Up to 30 Killed In Pakistan Blast

Police, Intelligence Officers Among Dead

Gunmen detonated a car bomb near police and intelligence agency offices in Lahore on Wednesday, killing about 30 people and wounding more than 100 in one of Pakistan's deadliest attacks this year.
Washington Post Foreign Service
Thursday, May 28, 2009

ISLAMABAD, Pakistan, May 27 -- The powerful car bomb that tore the walls off an office of Pakistan's elite intelligence service, ravaged a police facility and killed as many as 30 people Wednesday morning is the latest reminder that insurgents are able to strike almost anywhere in this country as they wage war against the state.

The attack occurred in the eastern city of Lahore, far from the conflict-ridden northwest and on a block that bristles with security. It came as Pakistan's army appears to be gaining ground in its battle with Taliban insurgents in the northwest's Swat Valley, and Interior Minister Rehman Malik said it was probably carried out by the Taliban or its Islamist allies in retaliation for the military offensive, which began this month.

The blast was the third major terrorist attack in Lahore in as many months, and analysts said the choice of the location may indicate a desire by insurgents to strike back at the government on its turf. Lahore is the capital of Punjab, the nation's most populous province and the one that most top military commanders call home.

"This was an attempt to deter Pakistani authorities from taking action," said Hasan-Askari Rizvi, a Lahore-based analyst. "They thought that if they could demoralize the people here, that would have a lot of impact and be a restraining influence on the military."

Malik insisted that such a strategy would not succeed, telling reporters that insurgents had declared war on the state and that the government was determined to fight back.

"I believe that anti-Pakistan elements, who want to destabilize our country and see defeat in Swat, have now turned to our cities," he said.

Public opinion in the country has shifted over the past month toward greater support for the battle against the Taliban. It was unclear whether Wednesday's attack, which injured about 250 people, will increase that support or put pressure on the military to curtail its campaign.

The United States has leaned heavily on Pakistan to intensify its efforts against militancy, and Gen. David H. Petraeus, leader of U.S. Central Command, was in the capital, Islamabad, this week to meet with Pakistani officials. He told Radio Free Europe/Radio Liberty on Tuesday that he was encouraged by Pakistan's renewed efforts in Swat.

On Wednesday, the army reported progress in regaining control of the valley, predicting that Mingora, Swat's main city, would be back in government hands within three days. The Taliban has controlled Swat off and on since late 2007. The army's offensive there has left more than 1,100 insurgents and about 100 police officers and soldiers dead, according to the military. The battle has also caused more than 2 million civilians to flee.

Although the Taliban insurgency is rooted in northwestern Pakistan, along the border with Afghanistan, Islamist extremism is not confined to that area, and security remains a major problem across the country.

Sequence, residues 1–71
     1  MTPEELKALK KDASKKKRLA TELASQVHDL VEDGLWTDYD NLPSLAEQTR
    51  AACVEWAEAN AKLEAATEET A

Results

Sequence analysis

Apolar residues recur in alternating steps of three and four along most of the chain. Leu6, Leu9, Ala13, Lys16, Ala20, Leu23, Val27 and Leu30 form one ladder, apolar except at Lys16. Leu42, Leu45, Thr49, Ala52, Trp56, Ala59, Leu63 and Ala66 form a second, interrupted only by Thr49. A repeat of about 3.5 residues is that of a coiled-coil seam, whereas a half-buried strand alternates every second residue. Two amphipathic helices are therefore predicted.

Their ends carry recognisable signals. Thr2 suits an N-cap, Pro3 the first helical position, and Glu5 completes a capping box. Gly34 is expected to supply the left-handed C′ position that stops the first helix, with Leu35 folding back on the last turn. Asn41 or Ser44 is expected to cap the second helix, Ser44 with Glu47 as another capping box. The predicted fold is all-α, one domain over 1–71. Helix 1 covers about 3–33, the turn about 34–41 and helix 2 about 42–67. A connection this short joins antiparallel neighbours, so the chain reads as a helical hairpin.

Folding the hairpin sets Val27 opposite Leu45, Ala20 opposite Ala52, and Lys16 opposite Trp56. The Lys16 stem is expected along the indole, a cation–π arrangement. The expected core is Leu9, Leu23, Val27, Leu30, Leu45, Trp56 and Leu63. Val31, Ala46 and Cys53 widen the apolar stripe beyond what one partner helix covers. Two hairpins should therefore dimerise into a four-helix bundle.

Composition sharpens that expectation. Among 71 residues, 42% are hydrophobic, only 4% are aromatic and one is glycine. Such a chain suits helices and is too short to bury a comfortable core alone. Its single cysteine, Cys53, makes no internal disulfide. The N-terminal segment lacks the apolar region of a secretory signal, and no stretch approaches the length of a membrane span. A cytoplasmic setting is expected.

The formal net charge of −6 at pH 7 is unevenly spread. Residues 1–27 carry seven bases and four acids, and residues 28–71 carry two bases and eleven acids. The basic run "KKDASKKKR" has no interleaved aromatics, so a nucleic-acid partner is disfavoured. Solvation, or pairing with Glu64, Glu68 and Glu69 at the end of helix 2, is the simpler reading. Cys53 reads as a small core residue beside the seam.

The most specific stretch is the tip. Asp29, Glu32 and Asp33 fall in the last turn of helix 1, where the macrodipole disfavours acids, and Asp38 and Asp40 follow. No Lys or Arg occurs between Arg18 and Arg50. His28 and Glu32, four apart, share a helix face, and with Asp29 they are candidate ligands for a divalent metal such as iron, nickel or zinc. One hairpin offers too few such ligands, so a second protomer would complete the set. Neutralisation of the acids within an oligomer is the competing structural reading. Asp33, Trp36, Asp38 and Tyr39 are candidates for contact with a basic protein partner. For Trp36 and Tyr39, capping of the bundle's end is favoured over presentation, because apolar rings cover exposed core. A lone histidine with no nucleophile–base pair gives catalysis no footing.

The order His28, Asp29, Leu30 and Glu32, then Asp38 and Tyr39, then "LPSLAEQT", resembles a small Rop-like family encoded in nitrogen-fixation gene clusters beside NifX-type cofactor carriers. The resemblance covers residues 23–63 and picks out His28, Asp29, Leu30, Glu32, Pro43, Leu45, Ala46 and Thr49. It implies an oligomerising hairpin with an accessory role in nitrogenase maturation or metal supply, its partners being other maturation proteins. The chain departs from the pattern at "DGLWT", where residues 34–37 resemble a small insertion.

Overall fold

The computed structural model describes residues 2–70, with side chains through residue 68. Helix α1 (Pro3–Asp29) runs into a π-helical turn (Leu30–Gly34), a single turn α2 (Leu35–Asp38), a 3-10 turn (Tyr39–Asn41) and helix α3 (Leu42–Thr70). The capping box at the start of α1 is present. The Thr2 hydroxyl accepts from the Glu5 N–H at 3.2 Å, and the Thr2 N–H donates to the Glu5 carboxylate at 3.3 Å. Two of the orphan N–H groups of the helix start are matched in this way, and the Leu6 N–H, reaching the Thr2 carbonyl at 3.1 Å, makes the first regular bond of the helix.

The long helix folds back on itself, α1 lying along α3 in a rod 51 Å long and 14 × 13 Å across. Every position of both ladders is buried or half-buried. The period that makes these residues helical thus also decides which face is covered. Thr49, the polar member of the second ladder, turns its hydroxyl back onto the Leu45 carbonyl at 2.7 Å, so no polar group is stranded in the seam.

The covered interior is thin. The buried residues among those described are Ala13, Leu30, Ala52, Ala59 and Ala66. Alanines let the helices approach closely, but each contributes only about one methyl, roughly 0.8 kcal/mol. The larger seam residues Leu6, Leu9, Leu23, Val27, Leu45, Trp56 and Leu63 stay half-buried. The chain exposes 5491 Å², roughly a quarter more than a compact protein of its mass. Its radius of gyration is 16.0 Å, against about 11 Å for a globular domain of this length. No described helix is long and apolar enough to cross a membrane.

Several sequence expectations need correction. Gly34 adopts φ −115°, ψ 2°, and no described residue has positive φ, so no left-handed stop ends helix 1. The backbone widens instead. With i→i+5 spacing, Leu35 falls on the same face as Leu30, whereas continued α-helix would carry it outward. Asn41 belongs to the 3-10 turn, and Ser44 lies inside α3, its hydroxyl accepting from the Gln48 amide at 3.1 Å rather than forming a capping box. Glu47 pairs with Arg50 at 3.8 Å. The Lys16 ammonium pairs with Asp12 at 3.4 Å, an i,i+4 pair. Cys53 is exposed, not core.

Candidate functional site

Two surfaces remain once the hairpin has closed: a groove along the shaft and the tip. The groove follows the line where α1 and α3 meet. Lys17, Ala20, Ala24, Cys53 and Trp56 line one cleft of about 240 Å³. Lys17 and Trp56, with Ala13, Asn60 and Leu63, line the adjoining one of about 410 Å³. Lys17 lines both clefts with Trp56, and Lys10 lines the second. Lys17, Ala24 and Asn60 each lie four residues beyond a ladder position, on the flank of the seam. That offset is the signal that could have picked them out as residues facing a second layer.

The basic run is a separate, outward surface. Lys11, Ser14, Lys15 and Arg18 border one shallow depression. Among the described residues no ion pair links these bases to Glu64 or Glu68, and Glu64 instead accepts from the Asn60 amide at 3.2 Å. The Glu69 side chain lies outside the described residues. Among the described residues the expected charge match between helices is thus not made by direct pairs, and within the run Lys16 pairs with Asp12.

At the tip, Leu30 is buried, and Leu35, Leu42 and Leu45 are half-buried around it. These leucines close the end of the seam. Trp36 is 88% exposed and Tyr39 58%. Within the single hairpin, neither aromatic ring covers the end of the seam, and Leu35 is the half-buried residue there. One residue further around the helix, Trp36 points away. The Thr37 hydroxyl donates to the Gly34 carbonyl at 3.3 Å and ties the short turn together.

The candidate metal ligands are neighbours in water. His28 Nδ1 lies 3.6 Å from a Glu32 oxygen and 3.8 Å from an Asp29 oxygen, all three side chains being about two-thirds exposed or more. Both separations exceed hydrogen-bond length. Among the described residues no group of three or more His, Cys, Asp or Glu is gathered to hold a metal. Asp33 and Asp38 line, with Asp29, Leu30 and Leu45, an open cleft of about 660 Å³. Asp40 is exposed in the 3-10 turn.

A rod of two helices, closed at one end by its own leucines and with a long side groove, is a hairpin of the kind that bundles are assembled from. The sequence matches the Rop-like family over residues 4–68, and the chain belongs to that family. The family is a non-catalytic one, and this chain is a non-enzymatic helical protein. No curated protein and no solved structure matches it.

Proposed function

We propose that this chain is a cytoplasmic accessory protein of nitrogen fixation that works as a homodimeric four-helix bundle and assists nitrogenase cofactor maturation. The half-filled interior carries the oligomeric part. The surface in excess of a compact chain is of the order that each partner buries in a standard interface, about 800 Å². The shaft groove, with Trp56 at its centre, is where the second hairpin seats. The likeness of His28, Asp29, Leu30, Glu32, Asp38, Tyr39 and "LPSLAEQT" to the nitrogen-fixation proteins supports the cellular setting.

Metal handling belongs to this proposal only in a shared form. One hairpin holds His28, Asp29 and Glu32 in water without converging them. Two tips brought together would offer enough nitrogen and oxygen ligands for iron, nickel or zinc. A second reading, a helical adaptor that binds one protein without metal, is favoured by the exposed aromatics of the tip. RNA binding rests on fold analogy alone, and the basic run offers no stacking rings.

Wednesday's attack, one of the deadliest in Pakistan this year, occurred in front of two police buildings and an office of Pakistan's Inter-Services Intelligence agency, or ISI. The buildings are located on Mall Road, the busiest thoroughfare in a city known as a vibrant cultural hub. It was not clear which building was the intended target. The ISI has had a complicated relationship with militant groups in Pakistan; it once armed and nurtured them, but in recent years it has officially turned against them.

The attack began when gunmen crashed a car through a security barrier. Some got out and started firing at the ISI office, officials said. Security forces returned fire, and after a brief gun battle, the explosives-packed car blew up. The assailants continued to fire and hurled grenades for 10 to 15 minutes after the blast.

The blast collapsed one of the police buildings, an emergency response center known as Rescue 15, trapping people in the debris. It also sheared walls off the ISI office and brought down the ceilings of operating rooms in a nearby hospital, injuring 20 people. Officials estimated the size of the bomb at more than 200 pounds.

The explosion left an eight-foot-deep crater, with rubble spread across an area the size of a city block. Nine of the dead were police officers, and several intelligence officers were killed, officials said. Most of the injured were civilians who had been making their way through morning traffic. At least two suspects were arrested.

Lahore, once considered removed from the insurgents' violence elsewhere in the country, has become a target this spring. In March, four gunmen hurled grenades and opened fire on officers at a police training center on the city's outskirts, killing eight people and themselves. Only days before, assailants had attacked a bus carrying the visiting Sri Lankan cricket team, killing six police officers escorting the bus and a driver.

There was no immediate assertion of responsibility for the latest strike. But the army released Wednesday what it said was the transcript of an intercepted telephone conversation between Muslim Khan, a spokesman for Taliban fighters in Swat, and two other insurgents, apparently in the tribal area of Waziristan.

In it, Khan asks the others to attack "generals or colonels from Punjab so that they know the pain, or at the houses of army people so that their children also get killed."

"Yes, you are right," one of the others replies. "I will convey your message."

© 2009 The Washington Post Company